1. 140 Million unique visitors each month. So what? What does tracking unique visitors have to do with actually filling jobs? All this tells us is that lots of people go there.
2. “Traffic on Indeed has increased by 40% over the past year.” Again, so what?
3. “Each month, 72% of online job seekers in the US visit Indeed.” But, how many get jobs there? There’s no mention of that. I’m still waiting for how all those people use Indeed to actually find jobs.
4. “There are 25 million resumes on Indeed that employers search for free.” Those employers could be printing resumes to line bird cages. Where are the stats on how many people they hired? All this statistic tells us is that employers might be stupid. Judging from the rising complaints about “a talent shortage” from employers, it seems “free” is worthless. And employers are indeed sometimes stupid.
5. “Job seekers use the 4 million employer reviews to research companies.” So what? They use Google to do the same. Does Google claim it fills jobs? Do we see a trend here? Lots of data showing big numbers, which seem impressive by themselves — but no outcomes analysis.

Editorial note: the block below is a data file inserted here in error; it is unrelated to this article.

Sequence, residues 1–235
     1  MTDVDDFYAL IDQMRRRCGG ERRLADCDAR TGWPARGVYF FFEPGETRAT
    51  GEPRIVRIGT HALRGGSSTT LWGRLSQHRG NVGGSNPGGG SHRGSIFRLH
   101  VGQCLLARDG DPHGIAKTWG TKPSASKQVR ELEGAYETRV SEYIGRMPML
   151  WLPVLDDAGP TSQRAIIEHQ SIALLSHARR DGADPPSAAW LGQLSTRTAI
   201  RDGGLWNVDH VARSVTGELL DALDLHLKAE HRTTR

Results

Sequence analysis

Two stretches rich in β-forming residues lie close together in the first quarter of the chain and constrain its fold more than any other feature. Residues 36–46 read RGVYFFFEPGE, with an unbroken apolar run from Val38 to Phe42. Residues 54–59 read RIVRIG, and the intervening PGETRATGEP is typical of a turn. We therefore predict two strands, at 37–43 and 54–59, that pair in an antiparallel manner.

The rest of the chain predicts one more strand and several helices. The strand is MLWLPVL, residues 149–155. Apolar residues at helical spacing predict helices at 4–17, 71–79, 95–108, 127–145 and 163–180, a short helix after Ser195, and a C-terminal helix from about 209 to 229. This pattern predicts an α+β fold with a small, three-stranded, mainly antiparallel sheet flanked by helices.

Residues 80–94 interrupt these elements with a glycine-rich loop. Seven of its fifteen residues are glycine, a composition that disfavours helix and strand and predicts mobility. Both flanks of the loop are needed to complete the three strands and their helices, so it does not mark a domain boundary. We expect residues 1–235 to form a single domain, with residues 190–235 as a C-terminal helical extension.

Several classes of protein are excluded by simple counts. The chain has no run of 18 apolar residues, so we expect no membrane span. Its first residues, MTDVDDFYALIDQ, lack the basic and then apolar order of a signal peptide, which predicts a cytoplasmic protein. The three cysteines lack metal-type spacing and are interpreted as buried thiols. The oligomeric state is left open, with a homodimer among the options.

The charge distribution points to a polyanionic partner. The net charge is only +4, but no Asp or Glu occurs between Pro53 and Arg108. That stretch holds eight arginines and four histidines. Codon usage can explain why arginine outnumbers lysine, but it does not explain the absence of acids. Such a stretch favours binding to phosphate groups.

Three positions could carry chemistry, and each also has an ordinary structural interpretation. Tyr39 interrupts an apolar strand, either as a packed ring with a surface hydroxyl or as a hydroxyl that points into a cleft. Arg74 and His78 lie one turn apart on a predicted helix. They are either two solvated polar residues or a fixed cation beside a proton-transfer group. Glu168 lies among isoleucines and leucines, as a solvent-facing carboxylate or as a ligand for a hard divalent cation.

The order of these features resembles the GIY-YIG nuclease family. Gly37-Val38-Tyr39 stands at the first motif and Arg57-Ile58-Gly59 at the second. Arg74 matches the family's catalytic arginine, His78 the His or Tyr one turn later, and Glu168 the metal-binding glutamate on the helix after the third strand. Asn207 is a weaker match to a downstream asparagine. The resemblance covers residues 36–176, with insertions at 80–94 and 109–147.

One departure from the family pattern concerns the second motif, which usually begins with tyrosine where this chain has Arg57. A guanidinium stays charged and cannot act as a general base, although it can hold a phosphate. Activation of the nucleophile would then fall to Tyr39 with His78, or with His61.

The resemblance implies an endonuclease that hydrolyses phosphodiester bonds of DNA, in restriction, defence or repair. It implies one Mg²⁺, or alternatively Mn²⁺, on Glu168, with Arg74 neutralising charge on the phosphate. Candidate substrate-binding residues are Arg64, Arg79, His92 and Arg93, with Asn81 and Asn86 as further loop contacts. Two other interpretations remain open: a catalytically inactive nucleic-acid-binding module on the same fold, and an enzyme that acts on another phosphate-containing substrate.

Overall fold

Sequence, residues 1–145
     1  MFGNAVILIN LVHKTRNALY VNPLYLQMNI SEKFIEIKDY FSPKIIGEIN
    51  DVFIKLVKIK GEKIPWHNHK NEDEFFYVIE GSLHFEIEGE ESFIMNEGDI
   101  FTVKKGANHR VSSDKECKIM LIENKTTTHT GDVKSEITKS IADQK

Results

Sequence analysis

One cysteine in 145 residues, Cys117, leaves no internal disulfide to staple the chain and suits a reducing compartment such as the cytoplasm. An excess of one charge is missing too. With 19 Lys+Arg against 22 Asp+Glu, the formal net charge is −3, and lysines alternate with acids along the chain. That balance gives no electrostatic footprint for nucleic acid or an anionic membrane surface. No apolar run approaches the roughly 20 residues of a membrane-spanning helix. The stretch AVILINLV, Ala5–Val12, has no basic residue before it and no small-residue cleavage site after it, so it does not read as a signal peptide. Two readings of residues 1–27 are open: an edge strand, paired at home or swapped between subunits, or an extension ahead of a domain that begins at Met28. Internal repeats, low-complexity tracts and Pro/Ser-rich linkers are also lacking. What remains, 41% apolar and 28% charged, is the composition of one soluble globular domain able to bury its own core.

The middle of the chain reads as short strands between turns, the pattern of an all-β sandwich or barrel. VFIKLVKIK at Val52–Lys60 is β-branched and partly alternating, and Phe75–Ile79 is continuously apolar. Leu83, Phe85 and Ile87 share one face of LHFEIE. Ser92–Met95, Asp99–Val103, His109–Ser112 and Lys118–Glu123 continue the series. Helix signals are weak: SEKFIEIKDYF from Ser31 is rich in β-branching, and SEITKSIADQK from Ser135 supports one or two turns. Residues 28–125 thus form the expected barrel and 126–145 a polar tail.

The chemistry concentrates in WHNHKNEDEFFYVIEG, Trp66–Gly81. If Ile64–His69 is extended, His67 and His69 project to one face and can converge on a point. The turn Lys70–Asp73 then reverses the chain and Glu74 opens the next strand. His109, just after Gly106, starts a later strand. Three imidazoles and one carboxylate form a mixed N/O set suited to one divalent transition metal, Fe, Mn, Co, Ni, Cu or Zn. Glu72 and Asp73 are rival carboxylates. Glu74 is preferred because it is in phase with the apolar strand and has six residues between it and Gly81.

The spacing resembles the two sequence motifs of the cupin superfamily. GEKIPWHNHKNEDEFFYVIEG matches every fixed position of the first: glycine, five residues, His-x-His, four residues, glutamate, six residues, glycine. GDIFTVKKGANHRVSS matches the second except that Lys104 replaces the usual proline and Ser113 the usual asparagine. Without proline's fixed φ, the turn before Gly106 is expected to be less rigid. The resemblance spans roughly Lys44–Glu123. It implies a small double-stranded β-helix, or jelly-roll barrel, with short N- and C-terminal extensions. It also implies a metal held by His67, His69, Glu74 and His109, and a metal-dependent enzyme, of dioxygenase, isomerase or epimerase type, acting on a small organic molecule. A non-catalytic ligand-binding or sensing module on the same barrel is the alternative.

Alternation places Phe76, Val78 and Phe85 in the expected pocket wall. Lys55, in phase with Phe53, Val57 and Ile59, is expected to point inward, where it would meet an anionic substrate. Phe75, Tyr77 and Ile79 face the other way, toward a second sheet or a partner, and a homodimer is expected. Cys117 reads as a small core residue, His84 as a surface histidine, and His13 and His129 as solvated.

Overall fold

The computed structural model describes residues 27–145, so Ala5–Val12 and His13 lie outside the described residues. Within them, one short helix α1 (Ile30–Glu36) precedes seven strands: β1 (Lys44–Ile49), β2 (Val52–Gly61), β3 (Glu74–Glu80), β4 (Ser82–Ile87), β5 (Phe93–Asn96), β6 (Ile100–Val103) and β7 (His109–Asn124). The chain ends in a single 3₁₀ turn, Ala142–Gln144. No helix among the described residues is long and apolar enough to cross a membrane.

6. “45% of Indeed searches come from mobile.” Yah, so? Every marketing program today includes the obligatory reference to “mobile.” But how many of those searches yield hires?
7. There are 16 million jobs on Indeed worldwide, and 8.2 added per second. But how many are filled by people searching for jobs on Indeed?
8. Indeed is available in 50+ countries in 28 languages. Perhaps translators are getting jobs. What are the success rates by country?